Issy by the harbour in Dundee.

Terry Hartery
Retired University Lecturer

Terry (left) receives his award
from Director Tony Clack

I have taught myself Chi Kung, which is a simpler form of Tai Chi, and now teach it to a group of over 50s on Monday evenings. Chi Kung, with it's gentle movements, is very good for relaxing, maintaining the condition of joints and improving health generally. In addition, because of my teaching, I was asked to become a member of the Committee of the Community Centre where I teach. As a result of serving on the committee, I have just been elected Chair.

After taking the Chair I embarked on a one year development plan to improve the facilities at the Community Centre and increase the number of activities available to the local community. This involves redecorating the centre, an activity which starts today (14/5/06). It's quite a big task but we were able to get a Neighbourhood Grant from B&Q for paint and 30 volunteers from the local Marriot Hotel, who will help with the painting. Once the building is redecorated my intention is to introduce additional new activities, such as monthly talks on subjects of interest to people in the community, race nights, beetle drives (for families) and a weekly book club.

Terry teaching Chi Kung in the refurbished community centre


From teaching himself Chi Kung Terry has moved seamlessly to completely overhauling the community centre where he now teaches it to others for the benefit of the entire local community. This is a very impressive achievement and proof that, with the will and the energy, we can really make a difference to other people in our own retirement. Terry is a shining example as to how we can do activities that we enjoy in retirement but, at the same time, help others, too. If we are willing to become involved we can make a difference. For becoming involved and making a difference, Terry is an excellent winner.

Conrad Drogie
Retired Baker

Conrad (left) receives his award from Director Tony Clack

After retirement decided to take a university degree. unfortunately just weeks after commencement was diagnosed with cancer of the lymph nodes. had to have radiotherapy then chemotherapy but still managed to keep up with my studies at Manchester Metropolitan University graduating with a 2:1 BA(Hons) degree in politics at age of 71. Am now 74, still fighting the cancer and yet am now in the middle of taking my Masters degree at Salford University. In between I took an ECDL computer course with learn direct. That's about it really.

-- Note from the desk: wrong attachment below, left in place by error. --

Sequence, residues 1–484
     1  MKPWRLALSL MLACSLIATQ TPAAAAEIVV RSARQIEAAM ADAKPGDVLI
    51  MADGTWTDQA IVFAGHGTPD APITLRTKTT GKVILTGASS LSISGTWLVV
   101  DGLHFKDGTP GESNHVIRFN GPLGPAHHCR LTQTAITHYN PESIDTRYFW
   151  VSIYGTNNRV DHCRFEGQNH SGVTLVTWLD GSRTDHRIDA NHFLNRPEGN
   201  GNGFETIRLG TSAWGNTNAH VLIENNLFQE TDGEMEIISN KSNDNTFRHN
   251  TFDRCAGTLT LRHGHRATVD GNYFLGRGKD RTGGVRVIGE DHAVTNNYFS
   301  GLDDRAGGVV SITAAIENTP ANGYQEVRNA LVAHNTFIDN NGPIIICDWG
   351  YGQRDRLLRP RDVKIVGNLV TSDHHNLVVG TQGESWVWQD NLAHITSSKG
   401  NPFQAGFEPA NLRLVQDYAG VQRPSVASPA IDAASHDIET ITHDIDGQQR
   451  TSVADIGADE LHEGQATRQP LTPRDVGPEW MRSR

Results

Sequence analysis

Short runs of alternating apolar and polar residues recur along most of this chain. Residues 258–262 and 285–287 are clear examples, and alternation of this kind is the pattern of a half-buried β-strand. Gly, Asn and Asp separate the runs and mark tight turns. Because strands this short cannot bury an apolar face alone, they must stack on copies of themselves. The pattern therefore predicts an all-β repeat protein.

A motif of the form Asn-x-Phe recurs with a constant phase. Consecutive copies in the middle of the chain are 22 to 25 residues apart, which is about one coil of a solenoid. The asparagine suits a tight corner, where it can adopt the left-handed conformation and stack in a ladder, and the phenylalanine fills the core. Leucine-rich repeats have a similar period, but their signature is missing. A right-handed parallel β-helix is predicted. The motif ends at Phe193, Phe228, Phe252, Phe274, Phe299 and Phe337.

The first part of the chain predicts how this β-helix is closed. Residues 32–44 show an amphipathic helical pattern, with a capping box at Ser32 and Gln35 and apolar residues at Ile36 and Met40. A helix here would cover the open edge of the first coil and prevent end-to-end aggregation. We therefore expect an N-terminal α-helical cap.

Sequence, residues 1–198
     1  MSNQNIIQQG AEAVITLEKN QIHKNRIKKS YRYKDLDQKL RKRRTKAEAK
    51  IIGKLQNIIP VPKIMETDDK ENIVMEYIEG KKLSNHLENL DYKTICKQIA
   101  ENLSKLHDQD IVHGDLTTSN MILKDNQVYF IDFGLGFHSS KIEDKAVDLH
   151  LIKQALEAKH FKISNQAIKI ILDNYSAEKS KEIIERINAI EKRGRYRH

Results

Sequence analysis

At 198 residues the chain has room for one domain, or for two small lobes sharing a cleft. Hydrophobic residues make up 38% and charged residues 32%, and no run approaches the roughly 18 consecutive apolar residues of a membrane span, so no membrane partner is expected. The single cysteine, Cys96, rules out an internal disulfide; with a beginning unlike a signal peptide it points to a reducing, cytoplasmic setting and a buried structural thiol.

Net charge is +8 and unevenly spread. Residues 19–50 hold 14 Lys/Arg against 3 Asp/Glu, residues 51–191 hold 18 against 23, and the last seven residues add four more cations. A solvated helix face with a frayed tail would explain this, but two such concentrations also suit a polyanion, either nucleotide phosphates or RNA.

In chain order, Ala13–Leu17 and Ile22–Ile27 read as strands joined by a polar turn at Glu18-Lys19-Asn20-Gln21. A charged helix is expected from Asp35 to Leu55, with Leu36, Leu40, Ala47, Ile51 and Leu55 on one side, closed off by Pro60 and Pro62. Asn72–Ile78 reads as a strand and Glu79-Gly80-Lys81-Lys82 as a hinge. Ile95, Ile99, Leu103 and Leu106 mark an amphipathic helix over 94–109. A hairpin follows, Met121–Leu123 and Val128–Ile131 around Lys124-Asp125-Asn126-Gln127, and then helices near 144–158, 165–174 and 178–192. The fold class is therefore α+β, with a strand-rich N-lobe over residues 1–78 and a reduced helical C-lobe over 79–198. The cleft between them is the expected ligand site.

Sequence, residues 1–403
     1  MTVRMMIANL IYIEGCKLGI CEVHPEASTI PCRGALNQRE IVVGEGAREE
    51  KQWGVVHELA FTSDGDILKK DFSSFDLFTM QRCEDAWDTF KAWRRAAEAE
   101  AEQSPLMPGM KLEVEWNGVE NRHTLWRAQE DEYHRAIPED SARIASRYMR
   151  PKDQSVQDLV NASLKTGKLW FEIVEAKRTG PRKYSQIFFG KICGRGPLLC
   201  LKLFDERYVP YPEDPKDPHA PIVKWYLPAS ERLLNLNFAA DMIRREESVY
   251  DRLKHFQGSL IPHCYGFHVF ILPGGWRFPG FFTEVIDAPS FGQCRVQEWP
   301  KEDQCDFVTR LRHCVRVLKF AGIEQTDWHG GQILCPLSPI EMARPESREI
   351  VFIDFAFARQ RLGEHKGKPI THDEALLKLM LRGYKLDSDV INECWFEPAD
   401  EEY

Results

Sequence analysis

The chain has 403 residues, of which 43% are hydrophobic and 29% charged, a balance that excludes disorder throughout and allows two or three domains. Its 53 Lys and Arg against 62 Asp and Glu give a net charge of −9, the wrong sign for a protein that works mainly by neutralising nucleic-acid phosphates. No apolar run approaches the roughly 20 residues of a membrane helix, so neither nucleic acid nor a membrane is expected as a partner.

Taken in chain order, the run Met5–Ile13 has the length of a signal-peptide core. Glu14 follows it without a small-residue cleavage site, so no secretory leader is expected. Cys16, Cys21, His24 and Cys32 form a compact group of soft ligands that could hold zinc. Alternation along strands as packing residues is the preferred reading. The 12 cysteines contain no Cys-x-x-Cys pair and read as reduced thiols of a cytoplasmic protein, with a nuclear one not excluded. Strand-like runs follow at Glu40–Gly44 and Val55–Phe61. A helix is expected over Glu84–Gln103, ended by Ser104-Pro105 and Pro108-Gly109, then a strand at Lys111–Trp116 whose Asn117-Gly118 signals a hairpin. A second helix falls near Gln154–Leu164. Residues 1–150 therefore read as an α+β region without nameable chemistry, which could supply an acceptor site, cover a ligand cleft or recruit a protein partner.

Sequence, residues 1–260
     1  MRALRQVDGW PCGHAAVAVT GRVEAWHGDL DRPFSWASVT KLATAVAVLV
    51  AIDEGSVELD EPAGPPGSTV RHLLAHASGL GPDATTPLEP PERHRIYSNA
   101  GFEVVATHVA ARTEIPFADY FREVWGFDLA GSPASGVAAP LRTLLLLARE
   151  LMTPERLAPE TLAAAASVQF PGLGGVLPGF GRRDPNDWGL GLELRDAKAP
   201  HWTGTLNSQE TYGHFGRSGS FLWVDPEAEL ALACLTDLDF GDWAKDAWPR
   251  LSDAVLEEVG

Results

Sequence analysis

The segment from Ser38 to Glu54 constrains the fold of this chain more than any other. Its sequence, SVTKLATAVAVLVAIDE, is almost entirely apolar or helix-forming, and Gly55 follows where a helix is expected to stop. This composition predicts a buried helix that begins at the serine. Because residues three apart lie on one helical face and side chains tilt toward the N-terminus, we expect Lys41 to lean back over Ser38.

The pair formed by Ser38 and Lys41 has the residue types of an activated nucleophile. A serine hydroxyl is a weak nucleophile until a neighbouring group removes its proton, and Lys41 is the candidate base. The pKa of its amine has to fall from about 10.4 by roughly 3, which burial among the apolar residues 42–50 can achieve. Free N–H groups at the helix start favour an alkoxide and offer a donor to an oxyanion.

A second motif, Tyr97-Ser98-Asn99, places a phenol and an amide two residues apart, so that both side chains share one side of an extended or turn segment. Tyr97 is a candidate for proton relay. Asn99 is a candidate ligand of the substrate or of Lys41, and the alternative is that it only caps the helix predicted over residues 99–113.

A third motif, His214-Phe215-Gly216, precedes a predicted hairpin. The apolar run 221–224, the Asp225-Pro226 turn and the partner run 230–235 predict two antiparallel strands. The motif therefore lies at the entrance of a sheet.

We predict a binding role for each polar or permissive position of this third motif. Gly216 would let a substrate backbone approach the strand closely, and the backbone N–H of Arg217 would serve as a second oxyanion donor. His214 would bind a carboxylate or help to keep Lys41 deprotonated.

‘Never give up’ is Conrad’s motto and I, for one, am inspired and humbled by his achievements in the face of adversity. Two degrees and the ECDL computer course, whilst fighting cancer, are testimony to Conrad’s refusal to lie down and give in. In this way he is a shining example to all of us in later life and fully deserves to be a winner of the Laterlife Challenge.

Conrad with award in front of his picturesque home

Challenge Categories

Since the nominees for the awards were doing such a variety of activities, many of them could easily have won in a number of categories!

But the final winners of each category were as follows:

Issy Martin - New experiences
Alan Hogarth - Active in later life
Terry Hartery - Doing something for others
Conrad Drogie - Discovery and Ideas
James Newton - Raising money for others
Terry and Brenda Reay - Spirit of the 60s

Each winner received a Balloon Flight for two courtesy of Triumph International. In addition there were other great prizes for some of the specific challenges such as a Reviver Break for two at Ragdale Hall health hydro, free membership of Dateline Plus, free Home Insurance from Insure4retirement and clothing accessories from Dents.

Tony Clack, Managing Director of  which runs the challenge, says “this is the first time that we have run the Laterlife Challenge and we have been delighted by the response. We hope that future Laterlife Challenges will see even more great examples. The Challenge is something you can consider at any time and so we have Laterlife Challenge information on the web site all the time to give people ideas about the possibilities.

With over 20 to 25 years of hopefully active retirement ahead, those just retiring and the baby boomers now coming up to retirement have the chance to change the whole nature of retirement and make a real difference”.




Visit our Pre-retirement Courses section here on laterlife or our dedicated Retirement Courses site